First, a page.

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Meyer hopes beers are on him

2015-10-21 15:31
Heyneke Meyer

Guildford -South Africa coach Heyneke Meyer wants to be the man buying drinks for New Zealand counterpart Steve Hansen after Saturday's World Cup semi-final as it means the Springboks will have triumphed at Twickenham.

Meyer and Hansen may be in charge of two of world rugby's fiercest rivals but have formed a strong friendship since the South African became Springbok coach in 2012.

"We've started a tradition where the first time I'd lost (to New Zealand) I was very down, Steve came over - and I think that's great about rugby - and bought me a beer.

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"He said 'listen, I know how you feel, I know the pressure on you, just have a beer with me'. And I really respect that," explained Meyer after naming his side to play the All Blacks.

"We'd lost that game, the second game we played away was very close and we lost that game as well, and he came looking for me with another beer afterwards.

"He gave it to me and we started talking about his family, and his wife, and we know we're under the same pressure.

"We're proud countries. He's got to know my family, I've got to know his family.

"The winning coach always brings the beer now. I said the first time we beat you I'll bring you a case of beer.

"So what I really respect about Steve is that after our win (when South Africa beat New Zealand 27-25 in Johannesburg last year) he took it like a man, and said 'I'm waiting for that beer'.

"Hopefully, I can give Steve a case of beers on Saturday!" said Meyer, seeking just his second win in eight matches against Hansen's New Zealand.

Meyer, 48, is one of the most visibly emotional coaches in world rugby, seeming to 'live' every missed tackle or chance with his side.

"If I did that I'd probably have a heart attack. I don't know how he hasn't had one," joked the 56-year-old Hansen, promoted from assistant to head coach when Graham Henry stood down after guiding the All Blacks to World Cup glory on home soil four years ago, earlier this week.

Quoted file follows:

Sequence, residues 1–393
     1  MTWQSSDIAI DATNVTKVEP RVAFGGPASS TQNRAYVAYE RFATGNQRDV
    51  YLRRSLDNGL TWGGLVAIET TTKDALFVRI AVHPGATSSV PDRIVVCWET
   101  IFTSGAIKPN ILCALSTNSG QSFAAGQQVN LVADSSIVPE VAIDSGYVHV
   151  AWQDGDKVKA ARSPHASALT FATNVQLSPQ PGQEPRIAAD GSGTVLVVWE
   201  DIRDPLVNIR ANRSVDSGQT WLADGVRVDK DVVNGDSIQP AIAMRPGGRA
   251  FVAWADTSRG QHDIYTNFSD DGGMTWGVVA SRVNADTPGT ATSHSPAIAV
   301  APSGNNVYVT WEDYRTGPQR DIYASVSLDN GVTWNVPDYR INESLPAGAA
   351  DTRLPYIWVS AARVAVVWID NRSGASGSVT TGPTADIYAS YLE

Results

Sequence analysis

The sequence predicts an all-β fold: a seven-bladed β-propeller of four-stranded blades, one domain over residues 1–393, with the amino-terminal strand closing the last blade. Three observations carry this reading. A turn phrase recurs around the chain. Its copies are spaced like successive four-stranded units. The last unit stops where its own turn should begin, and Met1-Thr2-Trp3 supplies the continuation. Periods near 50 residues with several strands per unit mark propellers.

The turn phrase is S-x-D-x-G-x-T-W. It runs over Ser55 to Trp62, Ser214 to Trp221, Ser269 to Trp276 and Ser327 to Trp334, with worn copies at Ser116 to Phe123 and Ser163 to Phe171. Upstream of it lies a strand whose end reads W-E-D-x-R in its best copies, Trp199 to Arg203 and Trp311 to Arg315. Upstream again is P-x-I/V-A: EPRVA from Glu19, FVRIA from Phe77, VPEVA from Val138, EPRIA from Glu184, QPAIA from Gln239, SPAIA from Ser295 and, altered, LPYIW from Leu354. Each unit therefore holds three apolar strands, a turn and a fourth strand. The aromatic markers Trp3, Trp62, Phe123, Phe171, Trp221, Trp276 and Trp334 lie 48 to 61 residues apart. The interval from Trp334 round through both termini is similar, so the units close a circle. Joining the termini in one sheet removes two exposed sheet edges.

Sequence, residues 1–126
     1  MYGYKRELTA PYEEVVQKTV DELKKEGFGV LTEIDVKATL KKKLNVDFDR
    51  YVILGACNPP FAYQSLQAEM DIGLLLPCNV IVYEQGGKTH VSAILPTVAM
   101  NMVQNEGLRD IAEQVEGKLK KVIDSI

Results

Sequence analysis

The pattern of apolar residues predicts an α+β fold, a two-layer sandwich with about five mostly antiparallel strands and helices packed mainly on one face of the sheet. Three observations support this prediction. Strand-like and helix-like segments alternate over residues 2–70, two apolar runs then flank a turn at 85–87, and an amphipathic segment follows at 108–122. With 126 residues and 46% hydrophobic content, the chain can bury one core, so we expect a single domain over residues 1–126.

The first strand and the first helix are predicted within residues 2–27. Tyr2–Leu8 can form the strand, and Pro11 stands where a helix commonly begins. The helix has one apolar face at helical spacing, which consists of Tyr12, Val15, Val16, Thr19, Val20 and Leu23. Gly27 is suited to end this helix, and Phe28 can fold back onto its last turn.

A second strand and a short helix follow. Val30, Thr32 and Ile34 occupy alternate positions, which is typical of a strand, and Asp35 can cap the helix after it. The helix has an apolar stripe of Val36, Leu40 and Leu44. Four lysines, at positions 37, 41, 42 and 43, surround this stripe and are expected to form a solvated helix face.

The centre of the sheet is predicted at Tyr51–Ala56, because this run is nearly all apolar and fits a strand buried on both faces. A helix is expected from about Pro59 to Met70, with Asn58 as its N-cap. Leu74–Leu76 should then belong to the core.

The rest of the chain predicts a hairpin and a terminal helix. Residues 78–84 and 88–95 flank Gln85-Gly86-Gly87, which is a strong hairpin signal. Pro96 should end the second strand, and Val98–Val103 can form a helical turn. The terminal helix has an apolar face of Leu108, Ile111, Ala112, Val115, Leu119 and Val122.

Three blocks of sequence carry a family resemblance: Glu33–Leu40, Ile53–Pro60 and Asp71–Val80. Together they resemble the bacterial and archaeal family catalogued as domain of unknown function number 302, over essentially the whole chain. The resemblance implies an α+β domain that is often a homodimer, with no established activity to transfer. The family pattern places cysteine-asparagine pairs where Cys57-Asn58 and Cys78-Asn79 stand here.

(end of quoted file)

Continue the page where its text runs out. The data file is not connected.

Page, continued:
But Meyer, to whom Hansen sent a supportive text message following South Africa's shock defeat by Japan in their World Cup opener, said he would need to keep his emotions in check.

Sports psychologist Pieter Kruger has been brought in to the Springbok squad in a bid to keep the players on an even keel.

Meanwhile Meyer said he had to tone down his own impassioned style.

"I've made mistakes as a coach in over-motivating the guys, because everyone wants to do something different against the All Blacks.

"But you've just go to keep doing what you do, the belief is there that we can beat any team on our day.

"We just have to go there, don't put too much emotion on it, just be very, very excited and go and play.

"If you do too much off-field then that's where the players start to wonder."


South Africa:

15 Willie le Roux, 14 JP Pietersen, 13 Jesse Kriel, 12 Damian de Allende, 11 Bryan Habana, 10 Handre Pollard, 9 Fourie du Preez (captain), 8 Duane Vermeulen, 7 Schalk Burger, 6 Francois Louw, 5 Lood de Jager, 4 Eben Etzebeth, 3 Frans Malherbe, 2 Bismarck du Plessis, 1 Tendai Mtawarira

Substitutes: 16 Adriaan Strauss, 17 Trevor Nyakane, 18 Jannie du Plessis, 19 Victor Matfield, 20 Willem Alberts, 21 Ruan Pienaar, 22 Pat Lambie, 23 Jan Serfontein

New Zealand:


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